HONG KONG (Reuters) - Bank M&A in Asia is set to accelerate over the coming months as small and inefficient lenders in the region look to attain scale and drive shareholder returns.
While domestic consolidation is seen as the big driver, several foreign banks, lured by strong economic growth, are also sniffing around for opportunities. But cross-border deal activity will likely be limited by the foreign ownership restrictions in many countries in the region.
“There is a strong rationale for bank consolidation to occur in the region, driven by the cost efficiencies and revenue benefits from complementary capabilities and customers,” said Willard McLane, head of financial institutions group (FIG) at Morgan Stanley.
An estimated $16 billion worth of live or planned deals between banks are being worked in the region, bankers say, which could make FIG the most active sector.
Prominent bank deals in the works include the South Korean government’s planned $6 billion stake sale in Woori Financial Holdings Co Ltd 053000.KS.
“Right now we are in a reasonably stable environment with low financing, and regional stock valuations are generally moderate. All that makes it a little bit easier to get deals done,” said McLane, who advised on six FIG deals this year.
But a $7 billion planned takeover of Malaysian lender RHB Capital (RHBC.KL) received a setback on Thursday after two potential bidders decided to walk away.
Still, bankers expect the suitors to return later in the year, for what could be Asia’s fourth-biggest banking M&A ever.
Overall, dealmaking in Asia grew at a healthy pace in the first half of 2011, driven largely by the material and industrial sectors and showing buyers were unfazed by slowing economic growth in China and India and rising interest rates in many parts of Asia.
Some $312 billion worth of takeovers were announced in the first half, up 28 percent from a year ago, according to Thomson Reuters data.
The volume of pulled deals fell by nearly half from a year ago to $48 billion, underscoring improved sentiment in the M&A market.
Swiss bank UBS AG UBSN.VX earned the most fees, pocketing $151 million for completed transactions, according to Thomson Reuters/Freeman Consulting Co estimates, followed by Credit Suisse CSGN.VX.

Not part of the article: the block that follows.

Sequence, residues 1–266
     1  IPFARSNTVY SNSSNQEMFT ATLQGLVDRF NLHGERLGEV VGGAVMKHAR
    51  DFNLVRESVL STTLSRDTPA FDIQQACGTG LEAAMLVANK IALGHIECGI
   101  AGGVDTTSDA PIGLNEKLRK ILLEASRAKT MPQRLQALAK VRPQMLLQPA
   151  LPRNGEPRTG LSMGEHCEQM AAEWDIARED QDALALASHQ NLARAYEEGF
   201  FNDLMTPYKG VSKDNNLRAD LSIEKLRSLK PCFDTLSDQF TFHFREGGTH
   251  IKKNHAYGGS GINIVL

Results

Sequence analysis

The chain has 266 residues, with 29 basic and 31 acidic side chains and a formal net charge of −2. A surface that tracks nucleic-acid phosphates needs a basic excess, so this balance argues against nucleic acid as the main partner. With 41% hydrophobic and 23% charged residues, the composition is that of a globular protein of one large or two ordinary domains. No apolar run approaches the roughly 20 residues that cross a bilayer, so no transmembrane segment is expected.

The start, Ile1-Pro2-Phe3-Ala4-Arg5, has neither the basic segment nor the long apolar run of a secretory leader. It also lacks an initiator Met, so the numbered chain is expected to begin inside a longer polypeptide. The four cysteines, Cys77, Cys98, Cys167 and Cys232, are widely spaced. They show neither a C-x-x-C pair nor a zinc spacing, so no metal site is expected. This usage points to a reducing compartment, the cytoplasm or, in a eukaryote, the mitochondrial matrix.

Chinese and Indian companies scouring the world for resource assets has been a major M&A theme in Asia for the past few years. Bankers predict an increase in inbound M&A over the coming months.
“We are seeing some divergence away from the traditional themes in Asia, with inbound deals from sectors like consumer and industrials beginning to pick up,” said Stephen Gore, head of Asia M&A at UBS.
French engineering group Alstom’s (ALSO.PA) joint venture with Shanghai Electric Group (2727.HK) -- a deal that UBS worked on -- is the type of transactions that could follow more in the future, Gore added.
Of the $171 billion of total cross-border M&A launched in the first half, about 45 percent was inbound, according to Thomson Reuters data.
Bankers say the increase in inbound deals are reflected in higher public offers, whereby listed companies are targeted by buyout firms or strategic buyers.
Gore said 30 percent of his bank’s top 20 deals are in the form of public takeovers. “This is a large number, particularly for Asia where M&A is more often limited to purchase of assets and private companies,” he added.
Cashed-up Western companies are keen to get exposure to Chinese consumers, but deals are hard to come by in China. Dealmaking in China is also limited by lack of sellers, as many Chinese entrepreneurs are relatively young.
Richard Campbell-Breeden, head of M&A Asia ex-Japan at Goldman Sachs, who worked on Yum Brands Inc’s (YUM.N) takeover of Chinese restaurant chain Little Sheep (0968.HK), said Western companies are looking to buy Hong Kong-listed companies as a way to get exposure to Chinese consumer plays.
“Hotel, gaming and leisure are the sectors where people see a way of getting exposure to Asian consumers,” Campbell-Breeden added.
Editing by Steve Orlofsky